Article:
Posted by Plish on October 8, 2010
Just got back from the 7th International Conference on Design and Emotion. This was a wonderfully stimulating conference, one that I’ll be processing for quite some time.
While there were multiple sessions that were truly inspirational, perhaps one of the forerunners was a presentation entitled: Including people in the design process – Good but how? by Dr. Yan Ki Lee.
Her bottom line is this:
t’s not about users, it’s about people; people who are creative partners in the design process. It isn’t about designing for people, but designing with people.
Rather than expound upon her work, I invite you to check out the thorough and provocative toolkit at designingwithpeople.org .
The methods and activities sections of the site are full of case studies, video diaries and resources. Fascinating and educational, it’s well worth the time spent on this site. It will only make you a better designer, a better innovator, and dare I say, a better person.
Posted in Case Studies, culture of innovation, Customer Focus, Design, design thinking, Healthcare, innovation, Innovation Tools, Research, Society, The Human Person | Tagged: 7th International Conference on Design and Emotion, Design, design research, design thinking, designing with people, Dr. Yan Ki Lee, innovation, Innovation Tools, person centered design, user centered design | Leave a Comment »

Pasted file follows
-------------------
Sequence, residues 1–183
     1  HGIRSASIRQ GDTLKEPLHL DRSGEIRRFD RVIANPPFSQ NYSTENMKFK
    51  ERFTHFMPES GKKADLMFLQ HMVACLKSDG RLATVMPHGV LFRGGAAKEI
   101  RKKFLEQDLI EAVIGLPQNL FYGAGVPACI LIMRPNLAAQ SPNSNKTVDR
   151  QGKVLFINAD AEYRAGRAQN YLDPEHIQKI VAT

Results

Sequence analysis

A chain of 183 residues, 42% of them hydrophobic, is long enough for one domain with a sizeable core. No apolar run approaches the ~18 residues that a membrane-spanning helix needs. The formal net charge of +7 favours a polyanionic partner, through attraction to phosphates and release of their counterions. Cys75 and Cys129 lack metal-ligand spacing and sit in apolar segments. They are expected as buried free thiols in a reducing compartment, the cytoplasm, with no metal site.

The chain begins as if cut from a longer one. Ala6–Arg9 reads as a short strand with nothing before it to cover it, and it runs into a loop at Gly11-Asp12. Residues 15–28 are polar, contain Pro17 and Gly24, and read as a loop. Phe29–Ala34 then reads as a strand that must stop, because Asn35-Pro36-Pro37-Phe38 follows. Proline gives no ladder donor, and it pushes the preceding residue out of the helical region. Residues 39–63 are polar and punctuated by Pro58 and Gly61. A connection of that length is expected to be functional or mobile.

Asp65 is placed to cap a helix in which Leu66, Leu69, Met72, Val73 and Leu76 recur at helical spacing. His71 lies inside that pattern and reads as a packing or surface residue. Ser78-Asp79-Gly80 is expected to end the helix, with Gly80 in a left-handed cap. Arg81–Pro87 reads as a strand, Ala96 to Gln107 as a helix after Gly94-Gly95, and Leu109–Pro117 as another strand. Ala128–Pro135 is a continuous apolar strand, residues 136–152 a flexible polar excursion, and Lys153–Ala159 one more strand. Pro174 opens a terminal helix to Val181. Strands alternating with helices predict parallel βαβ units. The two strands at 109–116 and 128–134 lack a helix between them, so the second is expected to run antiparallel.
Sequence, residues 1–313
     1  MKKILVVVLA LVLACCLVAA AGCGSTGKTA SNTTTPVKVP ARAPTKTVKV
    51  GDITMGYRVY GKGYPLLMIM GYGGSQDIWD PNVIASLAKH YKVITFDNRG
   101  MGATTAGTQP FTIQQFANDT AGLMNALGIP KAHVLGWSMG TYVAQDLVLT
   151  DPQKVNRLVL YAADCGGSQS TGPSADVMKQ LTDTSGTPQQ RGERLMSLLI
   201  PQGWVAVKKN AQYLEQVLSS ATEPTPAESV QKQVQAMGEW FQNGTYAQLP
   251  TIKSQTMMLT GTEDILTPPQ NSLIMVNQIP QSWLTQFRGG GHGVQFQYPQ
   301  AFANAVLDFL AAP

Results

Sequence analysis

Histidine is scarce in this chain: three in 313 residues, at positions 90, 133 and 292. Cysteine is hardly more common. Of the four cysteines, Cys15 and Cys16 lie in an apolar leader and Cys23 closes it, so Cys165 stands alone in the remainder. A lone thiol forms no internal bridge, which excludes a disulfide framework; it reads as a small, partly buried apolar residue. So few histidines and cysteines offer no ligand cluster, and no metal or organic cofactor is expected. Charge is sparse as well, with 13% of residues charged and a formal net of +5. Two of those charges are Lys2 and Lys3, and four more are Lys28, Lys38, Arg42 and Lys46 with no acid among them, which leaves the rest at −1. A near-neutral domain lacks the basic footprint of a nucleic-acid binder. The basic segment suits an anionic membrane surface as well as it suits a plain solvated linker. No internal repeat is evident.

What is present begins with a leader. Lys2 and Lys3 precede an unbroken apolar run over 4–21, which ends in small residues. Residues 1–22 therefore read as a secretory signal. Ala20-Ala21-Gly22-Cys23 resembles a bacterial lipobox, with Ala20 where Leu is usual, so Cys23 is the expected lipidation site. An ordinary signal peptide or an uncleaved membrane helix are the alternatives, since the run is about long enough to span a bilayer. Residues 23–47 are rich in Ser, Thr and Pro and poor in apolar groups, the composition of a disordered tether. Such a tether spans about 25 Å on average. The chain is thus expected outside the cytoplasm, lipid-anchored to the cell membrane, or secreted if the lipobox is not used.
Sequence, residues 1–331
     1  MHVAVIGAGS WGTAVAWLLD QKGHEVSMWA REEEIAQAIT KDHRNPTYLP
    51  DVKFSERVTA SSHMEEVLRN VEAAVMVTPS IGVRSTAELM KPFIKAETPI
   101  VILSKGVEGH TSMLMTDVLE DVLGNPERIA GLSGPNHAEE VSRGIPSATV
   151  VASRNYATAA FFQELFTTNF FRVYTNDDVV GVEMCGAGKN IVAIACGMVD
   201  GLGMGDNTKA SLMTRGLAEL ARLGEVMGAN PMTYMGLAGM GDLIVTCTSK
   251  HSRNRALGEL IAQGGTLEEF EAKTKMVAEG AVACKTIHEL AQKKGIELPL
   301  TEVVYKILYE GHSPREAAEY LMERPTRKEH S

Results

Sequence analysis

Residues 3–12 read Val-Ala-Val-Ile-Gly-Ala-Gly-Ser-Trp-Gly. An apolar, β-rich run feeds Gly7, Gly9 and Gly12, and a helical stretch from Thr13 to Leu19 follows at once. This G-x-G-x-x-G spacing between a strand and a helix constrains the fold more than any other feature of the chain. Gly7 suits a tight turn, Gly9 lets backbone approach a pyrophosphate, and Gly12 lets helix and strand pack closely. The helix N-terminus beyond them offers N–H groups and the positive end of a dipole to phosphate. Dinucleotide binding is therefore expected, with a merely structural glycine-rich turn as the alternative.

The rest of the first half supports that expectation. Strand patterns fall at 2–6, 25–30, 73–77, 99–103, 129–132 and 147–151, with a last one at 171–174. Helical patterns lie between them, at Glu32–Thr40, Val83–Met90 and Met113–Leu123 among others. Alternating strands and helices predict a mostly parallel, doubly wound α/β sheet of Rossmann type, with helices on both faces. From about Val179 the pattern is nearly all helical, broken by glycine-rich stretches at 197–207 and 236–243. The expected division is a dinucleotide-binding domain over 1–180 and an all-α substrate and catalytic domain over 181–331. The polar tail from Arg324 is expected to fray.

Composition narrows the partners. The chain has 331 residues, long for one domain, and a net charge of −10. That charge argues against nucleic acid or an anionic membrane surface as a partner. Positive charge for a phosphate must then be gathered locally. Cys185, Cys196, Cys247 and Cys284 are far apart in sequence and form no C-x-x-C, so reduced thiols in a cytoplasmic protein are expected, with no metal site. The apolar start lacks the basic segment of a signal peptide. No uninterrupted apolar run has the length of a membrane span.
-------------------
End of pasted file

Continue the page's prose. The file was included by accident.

Posted by Plish on October 3, 2010
I know it’s easier to criticize bad design than to compliment good design but sometimes a bad design screams for recognition.
The other day I needed some color copies for a lunch meeting so I got up early, and with bleary eyes, trekked over to Kinko’s. The copy was on the light side and I needed to darken it up. I was getting frustrated because I kept adjusting the image quality and my copies weren’t getting any darker. Take a few seconds to look at the image of the touchscreen below and see if you can see what the problem was.
Yup, it’s the Lighten/Darken terminology on the screen. The problem is that the word ‘lighten’ corresponds with darker bands and ‘darken’ with lighter bands. Sure if I only looked at the bands I would have realized that moving the slider towards the ‘darken’ side would actually make the copy lighter but I didn’t. It was early, I was in a hurry and I trusted the words on the screen to describe exactly what hitting the arrows would do: lighten and darken. I kept hitting the arrow on the right and my copies weren’t getting any darker. I seriously thought there was a bug in the software.
Words are important. Eye-tracking studies of websites showed that people go to text first then to images. When looking for instructions on a touchscreen, words are used to guide users to the section of the screen where programming changes can be made. But, in this case, the words confused the matter.
The bottom line is, don’t underestimate the power of words – after all, you’ve read them in spite of the arrow pointing up at the top of this entry.
Posted in Case Studies, Customer Focus, Design, Ergonomics, problem solving, User Interface | Tagged: bad design, Case Studies, copiers, Design, text, text vs. images, user interface, words | 1 Comment »